Understanding Snowmobile Diagnostics in 3 Easy Steps
Snowmobile diagnostics are invaluable when trying to figure out what went wrong with a modern snow machine. As engine control systems get more complex and potential problems become more difficult to understand without the ability to peek inside an engine or wiring harness, a diagnostic tool that plugs directly into your sled’s ECU can make a world of difference in getting you back out on the trail.
Sensors and Codes
Much like an automobile, snowmobile diagnostics rely on a network of sensors that measure every aspect of its operation. This can include fuel delivery, ignition timing, the composition of exhaust gasses and even more esoteric things such as intake temperature. When sensors detect a problem, they generate a code that the electronic computer — or ECU — stores in its memory. Sometimes, this code will display a light on the control panel of your sled, indicating that the code requires your attention.
Some snowmobiles might have a built-in system for helping you ready a code from the ECU, typically by flashing a light on the machine in a certain sequence that you can then decode using the manual, or via a display on the control panel. Using a code reader is far easier. Code readers plug into your snowmobile’s diagnostic port, directly query the ECU and display the code on a small screen. Some snowmobile diagnostics devices will even translate the code so that you don’t have to look it up to figure out what the sequence of letters and numbers means.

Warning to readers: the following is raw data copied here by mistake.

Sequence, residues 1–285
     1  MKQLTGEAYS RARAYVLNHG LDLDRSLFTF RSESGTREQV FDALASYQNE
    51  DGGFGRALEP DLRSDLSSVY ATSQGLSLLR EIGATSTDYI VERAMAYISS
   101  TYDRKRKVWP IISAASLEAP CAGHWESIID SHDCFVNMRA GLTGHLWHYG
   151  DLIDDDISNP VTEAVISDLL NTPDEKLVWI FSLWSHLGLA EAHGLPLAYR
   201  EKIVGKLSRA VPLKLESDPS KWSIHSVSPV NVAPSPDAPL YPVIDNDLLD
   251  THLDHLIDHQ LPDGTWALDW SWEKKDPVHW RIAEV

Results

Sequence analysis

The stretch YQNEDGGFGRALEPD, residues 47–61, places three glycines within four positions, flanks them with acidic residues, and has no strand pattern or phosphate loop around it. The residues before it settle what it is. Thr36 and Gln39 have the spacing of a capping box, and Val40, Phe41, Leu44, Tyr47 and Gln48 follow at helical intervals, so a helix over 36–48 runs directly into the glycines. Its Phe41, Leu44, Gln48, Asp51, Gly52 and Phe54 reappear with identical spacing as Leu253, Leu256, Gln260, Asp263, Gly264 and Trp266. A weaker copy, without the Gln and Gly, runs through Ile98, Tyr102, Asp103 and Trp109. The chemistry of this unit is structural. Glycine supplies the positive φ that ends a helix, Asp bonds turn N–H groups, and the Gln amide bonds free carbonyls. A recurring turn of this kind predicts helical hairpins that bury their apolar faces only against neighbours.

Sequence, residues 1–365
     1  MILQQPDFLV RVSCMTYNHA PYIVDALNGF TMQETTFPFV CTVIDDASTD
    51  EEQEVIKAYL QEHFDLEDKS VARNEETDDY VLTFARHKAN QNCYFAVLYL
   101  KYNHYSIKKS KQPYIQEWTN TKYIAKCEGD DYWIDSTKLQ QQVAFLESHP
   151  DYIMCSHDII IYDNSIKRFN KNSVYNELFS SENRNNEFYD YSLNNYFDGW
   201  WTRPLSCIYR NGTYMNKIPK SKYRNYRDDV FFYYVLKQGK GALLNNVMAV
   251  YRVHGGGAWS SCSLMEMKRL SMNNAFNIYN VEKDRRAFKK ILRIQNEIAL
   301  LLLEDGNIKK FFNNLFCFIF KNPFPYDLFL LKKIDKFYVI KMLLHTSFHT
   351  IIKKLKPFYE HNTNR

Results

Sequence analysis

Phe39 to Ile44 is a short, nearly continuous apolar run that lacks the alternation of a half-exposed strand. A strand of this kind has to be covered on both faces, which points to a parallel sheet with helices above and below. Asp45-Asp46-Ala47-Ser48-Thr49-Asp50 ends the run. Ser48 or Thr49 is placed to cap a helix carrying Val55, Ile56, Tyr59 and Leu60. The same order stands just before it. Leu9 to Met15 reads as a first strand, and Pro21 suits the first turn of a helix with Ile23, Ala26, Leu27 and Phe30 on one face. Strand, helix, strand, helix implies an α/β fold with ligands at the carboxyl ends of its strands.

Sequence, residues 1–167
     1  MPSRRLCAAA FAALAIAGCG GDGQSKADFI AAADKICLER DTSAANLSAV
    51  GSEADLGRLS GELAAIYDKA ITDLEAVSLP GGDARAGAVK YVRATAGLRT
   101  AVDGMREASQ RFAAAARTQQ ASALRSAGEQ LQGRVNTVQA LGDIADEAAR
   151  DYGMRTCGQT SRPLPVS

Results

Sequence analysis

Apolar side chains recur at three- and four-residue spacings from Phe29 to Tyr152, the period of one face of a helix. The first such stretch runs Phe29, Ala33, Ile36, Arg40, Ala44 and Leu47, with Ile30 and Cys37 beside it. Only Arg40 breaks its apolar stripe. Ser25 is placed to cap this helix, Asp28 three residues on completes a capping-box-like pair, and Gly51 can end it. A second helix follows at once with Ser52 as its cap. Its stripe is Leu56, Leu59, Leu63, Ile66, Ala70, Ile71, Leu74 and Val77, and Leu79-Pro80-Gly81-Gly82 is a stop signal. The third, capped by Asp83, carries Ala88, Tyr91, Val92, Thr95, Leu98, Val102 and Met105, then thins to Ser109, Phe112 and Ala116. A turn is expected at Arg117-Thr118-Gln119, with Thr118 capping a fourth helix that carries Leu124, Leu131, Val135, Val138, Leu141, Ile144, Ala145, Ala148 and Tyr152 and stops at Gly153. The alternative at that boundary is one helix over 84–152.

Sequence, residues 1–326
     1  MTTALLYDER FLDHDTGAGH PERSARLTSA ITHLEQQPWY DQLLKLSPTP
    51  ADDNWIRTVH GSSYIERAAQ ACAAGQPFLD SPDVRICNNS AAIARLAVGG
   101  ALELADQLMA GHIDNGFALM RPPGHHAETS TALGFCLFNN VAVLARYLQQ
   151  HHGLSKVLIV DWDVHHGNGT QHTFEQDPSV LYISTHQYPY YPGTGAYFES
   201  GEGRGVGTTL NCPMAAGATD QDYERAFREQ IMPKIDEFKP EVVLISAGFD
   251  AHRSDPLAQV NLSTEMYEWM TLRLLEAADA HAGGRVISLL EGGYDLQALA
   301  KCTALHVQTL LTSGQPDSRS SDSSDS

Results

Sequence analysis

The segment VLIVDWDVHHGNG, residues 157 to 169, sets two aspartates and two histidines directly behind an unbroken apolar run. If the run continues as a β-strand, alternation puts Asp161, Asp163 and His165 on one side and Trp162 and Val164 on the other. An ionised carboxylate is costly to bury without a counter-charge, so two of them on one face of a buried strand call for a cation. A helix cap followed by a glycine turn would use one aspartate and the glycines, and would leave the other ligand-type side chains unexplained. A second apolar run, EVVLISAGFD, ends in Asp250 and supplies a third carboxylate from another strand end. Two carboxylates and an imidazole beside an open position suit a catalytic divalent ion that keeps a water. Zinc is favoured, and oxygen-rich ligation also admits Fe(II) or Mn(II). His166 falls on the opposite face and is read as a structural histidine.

Not All Machines Work the Same Way
Unfortunately, not all snowmobile diagnostics are programmed using a universal standard in the way that the auto industry has embraced OBD-II (On-Board Diagnostics-II). This means that a code scanner or device used on one machine might not work for another. Some manufacturers have even locked up their codes behind systems that require you to visit a dealer or private repair shop that can afford the more expensive equipment required to peer behind the digital veil. Sometimes this is done in order to avoid aftermarket companies picking apart the code that controls a snowmobile’s engine and systems and reprogramming it to either remove emissions controls or generate power at a level that could impact the reliability of the motor over time.
Next time your machine is acting up, follow these diagnostic principles to get yourself back out on the snow.
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Photo courtesy of Wikimedia Commons.